When these tales first saw print Superman was a bona fide but still fresh phenomenon who had utterly changed the shape of the fledgling comicbook industry. There was a popular newspaper strip, foreign and overseas syndication and the prestigious Fleischer studio was producing some of the most expensive – and best – animated cartoons ever produced.

Thankfully the quality of the source material was increasing with every four-colour release and the energy and enthusiasm of Shuster and Siegel (who was particularly on fire as scripter) had infected the burgeoning group of studio juniors who had been hired to cope with the relentless demand.

After a fulgent and informed Foreword by Producer, author, historian and fan Michael Uslan, the Never-ending Adventure resumed in Action Comics #37 and ‘Commissioner Kent’ (with art by Paul Cassidy): a return to tales of graft, crime and social injustice wherein the timid alter-ego of the Man of Steel was forced to run for the job of top cop in Metropolis, whilst #38 – illustrated by Leo Nowak & Ed Dobrotka – saw a mastermind exert ‘Radio Control’ on citizens and cops in a spectacular battle against a sinister hypnotist.

Horrific mad science was behind the spectacular thriller ‘The Radioactive Man’ (by Nowak and the shop) whilst Action #40 featured ‘The Billionaire’s Daughter’ (John Sikela) wherein the mighty Man of Tomorrow needed all his wits to set straight a spoiled debutante.

Stories of crime, corruption and social iniquity gradually gave way to more earth-shattering fare and with war in the news and clearly on the horizon, the tone and content of Superman’s adventures changed too: the scale and scope of the stunts became more important than the motive. The raw passion and sly wit still shone through in Siegel’s stories but as the world grew more dangerous the Metropolis Marvel simply grew mightier to cope with it all and Shuster and Co stretched and expanded the iconography in ways that all others would follow.

‘The Saboteur’ (Action Comics #41, October 1941) told a terse tale of a traitor motivated by greed rather than ideology, whilst ‘City in the Stratosphere’ in #42 (both illustrated by Sikela) revealed how a troubles-free secret paradise floating above Metropolis had been subverted by an old enemy, whilst ‘The Crashing Planes’ (illustrated by Nowak, from the December Action Comics) actually had Superman attacking Nazi paratroopers on the cover and found the Man of Steel smashing a plot to destroy a commercial airline.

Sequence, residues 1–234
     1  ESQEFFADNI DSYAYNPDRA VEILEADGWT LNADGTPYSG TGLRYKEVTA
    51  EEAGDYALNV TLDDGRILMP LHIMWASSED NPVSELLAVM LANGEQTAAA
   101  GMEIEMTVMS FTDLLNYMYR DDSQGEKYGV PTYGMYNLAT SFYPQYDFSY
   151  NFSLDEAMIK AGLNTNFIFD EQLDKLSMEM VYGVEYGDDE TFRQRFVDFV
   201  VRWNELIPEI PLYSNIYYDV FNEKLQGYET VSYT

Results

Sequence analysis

Even though war was as yet undeclared, DC and many other publishers had struck their colours well before December 7th 1941. When the Japanese attack finally filtered through to the gaudy pages the patriotic indignation and desire for retribution would generate some of the very best art and stories the budding art-form would ever see.

Action #44 (drawn by Nowak) featured a frozen ‘Dawn Man’ who thawed out and went wild in the crime-ridden Metropolis, whilst the next issue saw ‘Superman’s Ark’ girdle the globe to repopulate a decrepit and nigh-derelict Zoo and Action #46 featured ‘The Devil’s Playground’ (Ed Dobrotka) wherein masked murderer The Domino stalked an amusement park wreaking havoc and instilling terror.

A blockbusting, no-holds-barred battle ensued in Action #47 (Sikela) when Lex Luthor gained incredible abilities after acquiring the incredible ‘Powerstone’, whilst #48 found the Man of Tomorrow toppling an insidious gang of killers in ‘The Adventure of the Merchant of Murder!’ before outwitting a despicable and deadly maniac dubbed ‘The Puzzler!’ in #49 (Dobrotka & Sikela).

Action Comics #50 saw Clark Kent and Lois Lane despatched to Florida to scope out Baseball skulduggery in a light-hearted tale illustrated by Nowak before ‘The Case of the Crimeless Crimes’ introduced the canny faux-madness of practical-joking bandit The Prankster (#51, by Dobrotka & Sikela, who also illustrated the last tale in this tome).

The glorious indulgence concludes with the ‘The Emperor of America!’ wherein an invading army were welcomed with open arms by all but the indignant and suspicious Action Ace who single-handedly liberated America in a blistering, rousing call-to-arms classic.

The raw passion and sly wit of Siegel’s stories and the rip-roaring energy of Shuster and his team were now galvanised by the parlous state of the world and Superman simply became better and more flamboyant to deal with it all. These Golden Age tales are timeless, priceless enjoyment. How can anyone possibly resist them?
© 1941, 1942, 2001 DC Comics. All Rights Reserved.

Batman: the Dark Knight Archives volume 3


By Bob Kane, Bill Finger, Jerry Robinson & George Roussos & various (DC Comics)
ISBN: 1-56389-615-X

With this third magnificent compilation of the epochal early Batman, the Dark Knight entered his fourth year of publication and the expanded creative team truly hit their stride, providing spectacular escapist thrills and chills for readers on the home front and even in the far-and-widely deployed armed services as 1942 brought America fully into the war and deadly danger never seemed closer…

This full-colour deluxe hardback tome (collecting the classic contents of Batman #9-12 from February/March to August/September 1942) opens with an expansive introduction from modern Bat-scribe Mike W. Barr, and also saw the introduction of an extensive contents section and detailed biographies for those talented folk who crafted these Golden Age greats.